If you look around quickly, we’ve entered what we like to call in the business the two-month stretch. It’s something that lasts, oh, some years about eight weeks, and others about 60 days – depending on where the moon falls, the stars align and the pumpernickel is scattered. But I digest.
From about the Fourth of July – which landed on July 4 this year – and Labor Day – which will fall in the crevice between the last Cape traffic jam and the pre-school opening stomachache – there is a period absent of any holidays. Even the holidays take a vacation from the holidays.
Interestingly, or perhaps not quite, the British go “on holiday” when they go on vacation. Americans do not go “on vacation” when they observe a holiday, but that’s mainly because we’re just so happy not to go to work that we’re not paying attention.
But the point is, a couple of months is a long time to go between holidays. Especially when we’re looking for something to occupy ourselves when we’re at the beach. So I’m pretty sure we need a mid-summer holiday in there somewhere to break up the season-long monotony of not paying attention to the office.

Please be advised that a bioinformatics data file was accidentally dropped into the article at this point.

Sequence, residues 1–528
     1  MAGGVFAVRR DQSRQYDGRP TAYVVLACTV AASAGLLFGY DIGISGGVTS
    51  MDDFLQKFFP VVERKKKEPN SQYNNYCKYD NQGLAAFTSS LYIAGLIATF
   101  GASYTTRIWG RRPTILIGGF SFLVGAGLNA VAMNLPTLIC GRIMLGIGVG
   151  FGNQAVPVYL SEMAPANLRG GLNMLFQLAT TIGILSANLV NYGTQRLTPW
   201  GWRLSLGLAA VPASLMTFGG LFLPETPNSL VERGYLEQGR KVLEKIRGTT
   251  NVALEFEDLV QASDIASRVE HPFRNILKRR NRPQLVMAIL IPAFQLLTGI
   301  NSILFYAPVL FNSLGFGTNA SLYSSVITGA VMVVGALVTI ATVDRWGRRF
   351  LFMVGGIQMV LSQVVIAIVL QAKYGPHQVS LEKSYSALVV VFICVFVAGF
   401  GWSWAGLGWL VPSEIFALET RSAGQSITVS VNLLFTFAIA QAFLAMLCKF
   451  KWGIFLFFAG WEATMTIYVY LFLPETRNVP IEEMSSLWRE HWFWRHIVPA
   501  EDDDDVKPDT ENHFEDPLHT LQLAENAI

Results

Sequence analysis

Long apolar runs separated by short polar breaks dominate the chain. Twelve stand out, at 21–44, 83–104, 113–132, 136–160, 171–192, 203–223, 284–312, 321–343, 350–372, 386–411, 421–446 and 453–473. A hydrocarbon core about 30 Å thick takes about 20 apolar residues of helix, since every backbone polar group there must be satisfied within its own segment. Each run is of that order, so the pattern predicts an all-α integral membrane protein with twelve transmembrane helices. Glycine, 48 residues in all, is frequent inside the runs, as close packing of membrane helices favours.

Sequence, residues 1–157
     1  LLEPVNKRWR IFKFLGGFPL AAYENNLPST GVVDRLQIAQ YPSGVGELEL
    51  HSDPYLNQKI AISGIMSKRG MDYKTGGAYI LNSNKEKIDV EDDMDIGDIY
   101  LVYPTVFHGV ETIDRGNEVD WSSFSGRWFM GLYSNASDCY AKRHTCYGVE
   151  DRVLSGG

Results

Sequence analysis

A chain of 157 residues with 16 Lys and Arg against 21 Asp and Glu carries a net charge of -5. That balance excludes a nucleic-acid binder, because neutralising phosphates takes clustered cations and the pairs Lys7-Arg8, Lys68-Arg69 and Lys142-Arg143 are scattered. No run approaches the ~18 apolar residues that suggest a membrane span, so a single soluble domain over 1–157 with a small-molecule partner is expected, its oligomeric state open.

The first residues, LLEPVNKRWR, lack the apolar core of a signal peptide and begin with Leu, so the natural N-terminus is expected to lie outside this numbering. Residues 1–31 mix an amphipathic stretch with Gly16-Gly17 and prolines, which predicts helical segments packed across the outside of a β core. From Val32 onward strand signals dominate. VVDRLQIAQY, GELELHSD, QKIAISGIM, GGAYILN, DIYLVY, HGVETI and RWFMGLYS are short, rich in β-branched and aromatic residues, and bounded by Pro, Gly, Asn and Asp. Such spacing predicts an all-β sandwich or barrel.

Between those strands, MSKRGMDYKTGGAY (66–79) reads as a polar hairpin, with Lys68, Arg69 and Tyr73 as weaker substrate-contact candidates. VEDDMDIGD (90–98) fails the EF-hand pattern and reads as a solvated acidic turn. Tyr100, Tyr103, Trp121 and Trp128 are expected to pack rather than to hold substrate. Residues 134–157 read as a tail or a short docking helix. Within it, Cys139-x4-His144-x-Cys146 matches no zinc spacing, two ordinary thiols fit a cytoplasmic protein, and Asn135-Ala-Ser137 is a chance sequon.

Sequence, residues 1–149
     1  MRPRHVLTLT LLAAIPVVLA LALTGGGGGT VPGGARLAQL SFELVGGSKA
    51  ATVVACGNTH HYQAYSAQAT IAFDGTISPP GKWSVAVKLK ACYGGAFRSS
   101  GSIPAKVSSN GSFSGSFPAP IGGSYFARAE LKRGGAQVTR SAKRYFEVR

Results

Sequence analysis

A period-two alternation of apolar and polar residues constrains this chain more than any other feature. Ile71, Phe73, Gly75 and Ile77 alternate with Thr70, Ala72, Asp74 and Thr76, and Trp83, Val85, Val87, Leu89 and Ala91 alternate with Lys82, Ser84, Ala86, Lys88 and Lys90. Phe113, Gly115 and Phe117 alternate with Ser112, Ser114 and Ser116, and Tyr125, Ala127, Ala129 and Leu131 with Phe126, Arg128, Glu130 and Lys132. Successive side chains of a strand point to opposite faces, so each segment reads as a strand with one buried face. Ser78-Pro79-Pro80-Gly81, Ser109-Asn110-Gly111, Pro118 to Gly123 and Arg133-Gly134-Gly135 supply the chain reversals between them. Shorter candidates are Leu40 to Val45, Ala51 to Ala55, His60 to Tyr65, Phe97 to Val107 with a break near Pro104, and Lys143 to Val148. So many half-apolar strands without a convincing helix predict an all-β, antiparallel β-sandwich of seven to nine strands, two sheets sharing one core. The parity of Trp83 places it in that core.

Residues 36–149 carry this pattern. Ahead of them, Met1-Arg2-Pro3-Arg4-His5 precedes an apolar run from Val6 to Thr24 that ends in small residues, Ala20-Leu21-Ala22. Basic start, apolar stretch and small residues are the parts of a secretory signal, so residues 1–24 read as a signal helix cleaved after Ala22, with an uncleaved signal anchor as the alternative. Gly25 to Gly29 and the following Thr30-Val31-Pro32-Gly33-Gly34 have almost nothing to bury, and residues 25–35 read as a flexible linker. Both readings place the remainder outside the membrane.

The other day – or maybe it was the day before that – someone mentioned that it was National Vanilla Ice Cream Day. Of course, I’d have absolutely no idea how to celebrate it, but I’m glad Congress is working on legislation to turn things around.
It was a fractious battle, with the chocolate lobby pulling out all stops to prevent what they called the “blanding-down of America.” After an amendment to permanently change “sprinkles” to “jimmies” was narrowly defeated, the Cone supporters broke with the Cup Only Please contingent. The members realized the state of contention when the bill’s sponsor threatened to change it to Rum Raisin Day.
After this debacle, and on second thought, maybe we should just stick with the allotted amount of holidays we now have. I mean, America only can take so much.
Stuart Green is an editor with Gatehouse New England. He can be reached at email@example.com.